I love hearing where writers get their ideas for stories and Alice Hoffman never disappoints. For thoughts and insight into this novel and its author, click on over here.
From the back of the book: In The Third Angel, Alice Hoffman weaves a magical and stunningly original story that charts the lives of three women in love with the wrong men: Headstrong Madeline Heller finds herself hopelessly attracted to her sister’s fiance. Frieda Lewis, a doctor’s daughter and a runaway, becomes the muse of an ill-fated rock star. And beautiful Bryn Evans is set to marry an Englishman while secretly obsessed with her ex-husband. At the heart of the novel is Lucy Green, who blames herself for a tragic accident she witnessed at the age of twelve, and who spends four decades searching for the Third Angel- the angel on Earth who will renew her faith.
Review: Like all of Alice Hoffman’s novels, there is that element of magical realism which I love in a book. She is able to touch upon the supernatural in a completely believable manner. The story begins with Maddy’s story, which I did not like all that much. She sleeps with her sister’s fiance, who is a cold and distant man who is dying. I couldn’t buy into her love for Paul, it seemed as there was nothing about him to love. I struggled through this first section. However, I have never known Alice Hoffman to disappoint and so I kept reading. The following two sections were much better and I flew through these. In the next two sections we get the story of Frieda, Paul’s mother, and then Lucy, Maddy’s mother. All three women’s stories are connected by the ghost of Michael Macklin and of course, by the Third Angel, the one who saves us through human compassion. All these women experience heartbreak and loss, and they all still believe “love is more complicated than it seemed.”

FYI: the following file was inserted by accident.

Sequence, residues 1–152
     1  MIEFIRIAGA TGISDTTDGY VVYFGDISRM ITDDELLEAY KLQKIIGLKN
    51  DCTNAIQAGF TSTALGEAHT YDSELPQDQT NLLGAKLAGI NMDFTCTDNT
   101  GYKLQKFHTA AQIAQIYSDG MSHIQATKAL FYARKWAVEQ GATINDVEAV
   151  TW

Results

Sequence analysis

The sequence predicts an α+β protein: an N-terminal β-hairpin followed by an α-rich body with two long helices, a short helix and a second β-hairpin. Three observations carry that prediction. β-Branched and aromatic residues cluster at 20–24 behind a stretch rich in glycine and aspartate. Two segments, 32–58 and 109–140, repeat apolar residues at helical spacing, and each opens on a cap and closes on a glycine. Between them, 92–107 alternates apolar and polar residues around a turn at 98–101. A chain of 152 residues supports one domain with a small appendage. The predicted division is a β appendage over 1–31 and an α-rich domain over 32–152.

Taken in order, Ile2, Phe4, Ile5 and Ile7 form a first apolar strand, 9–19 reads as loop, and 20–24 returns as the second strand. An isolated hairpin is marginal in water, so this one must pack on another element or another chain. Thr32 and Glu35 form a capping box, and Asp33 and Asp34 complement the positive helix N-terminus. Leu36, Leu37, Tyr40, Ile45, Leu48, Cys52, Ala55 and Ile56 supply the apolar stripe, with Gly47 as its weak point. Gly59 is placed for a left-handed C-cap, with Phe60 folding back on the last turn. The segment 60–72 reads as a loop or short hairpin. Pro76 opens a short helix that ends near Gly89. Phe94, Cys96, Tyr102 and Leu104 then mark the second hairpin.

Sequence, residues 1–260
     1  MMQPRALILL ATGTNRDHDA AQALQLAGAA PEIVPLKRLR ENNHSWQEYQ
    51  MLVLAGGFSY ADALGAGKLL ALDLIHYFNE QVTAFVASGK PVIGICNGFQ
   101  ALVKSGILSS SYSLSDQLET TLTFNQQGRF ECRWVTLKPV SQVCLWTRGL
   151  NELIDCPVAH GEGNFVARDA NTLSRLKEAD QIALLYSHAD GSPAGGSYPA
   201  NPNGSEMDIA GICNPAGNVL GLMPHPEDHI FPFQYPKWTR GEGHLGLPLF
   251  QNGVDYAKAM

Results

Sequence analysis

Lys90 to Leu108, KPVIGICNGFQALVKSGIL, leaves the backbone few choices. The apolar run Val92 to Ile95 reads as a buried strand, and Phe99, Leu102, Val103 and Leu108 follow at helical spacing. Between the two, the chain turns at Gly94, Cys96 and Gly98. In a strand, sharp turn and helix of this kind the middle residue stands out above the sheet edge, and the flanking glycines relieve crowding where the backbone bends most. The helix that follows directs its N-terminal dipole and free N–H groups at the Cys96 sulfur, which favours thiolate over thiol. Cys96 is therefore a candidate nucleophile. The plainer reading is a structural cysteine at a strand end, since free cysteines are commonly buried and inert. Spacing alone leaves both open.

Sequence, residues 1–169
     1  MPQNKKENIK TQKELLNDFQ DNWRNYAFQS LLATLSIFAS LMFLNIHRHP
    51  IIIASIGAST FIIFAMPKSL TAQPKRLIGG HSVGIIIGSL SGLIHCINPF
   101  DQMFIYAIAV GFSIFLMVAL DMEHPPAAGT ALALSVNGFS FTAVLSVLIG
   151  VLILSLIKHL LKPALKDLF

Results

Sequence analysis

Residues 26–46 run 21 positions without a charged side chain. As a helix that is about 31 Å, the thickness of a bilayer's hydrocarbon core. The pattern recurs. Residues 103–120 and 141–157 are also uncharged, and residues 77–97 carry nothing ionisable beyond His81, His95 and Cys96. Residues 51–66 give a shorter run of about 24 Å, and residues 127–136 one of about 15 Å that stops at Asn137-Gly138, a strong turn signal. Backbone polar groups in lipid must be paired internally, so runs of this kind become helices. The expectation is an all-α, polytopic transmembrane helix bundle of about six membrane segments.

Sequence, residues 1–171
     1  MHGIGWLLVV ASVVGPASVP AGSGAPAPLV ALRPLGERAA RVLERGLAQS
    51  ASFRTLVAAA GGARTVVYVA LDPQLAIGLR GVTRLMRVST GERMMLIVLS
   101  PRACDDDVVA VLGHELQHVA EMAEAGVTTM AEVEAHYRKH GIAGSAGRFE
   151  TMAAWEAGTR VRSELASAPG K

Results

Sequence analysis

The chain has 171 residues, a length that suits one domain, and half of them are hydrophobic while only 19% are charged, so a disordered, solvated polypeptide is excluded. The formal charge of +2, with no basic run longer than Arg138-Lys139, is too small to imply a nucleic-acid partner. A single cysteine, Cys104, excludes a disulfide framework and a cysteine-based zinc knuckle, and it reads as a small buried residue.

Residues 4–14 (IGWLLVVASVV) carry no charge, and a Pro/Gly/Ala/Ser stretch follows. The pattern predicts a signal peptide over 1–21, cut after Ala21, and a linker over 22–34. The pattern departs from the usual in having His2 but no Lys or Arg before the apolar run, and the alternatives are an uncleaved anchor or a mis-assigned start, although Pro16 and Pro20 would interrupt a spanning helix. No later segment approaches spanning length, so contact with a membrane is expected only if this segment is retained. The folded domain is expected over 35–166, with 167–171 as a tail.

The author includes an afterword, entitled “The Story Within the Story”. She states: “I didn’t realize until after I was through writing that the novel could be read backward or forward and that a reader’s understanding and knowledge of the story and the characters would be hugely different depending on what he or she knew of didn’t about the past.” I wonder how this story would have been different if it hadn’t started with Maddy’s story. I understand why it began this way, I just connected so much more to both Lucy and Frieda and would have connected to the novel as a whole much earlier if it had begun with one of them.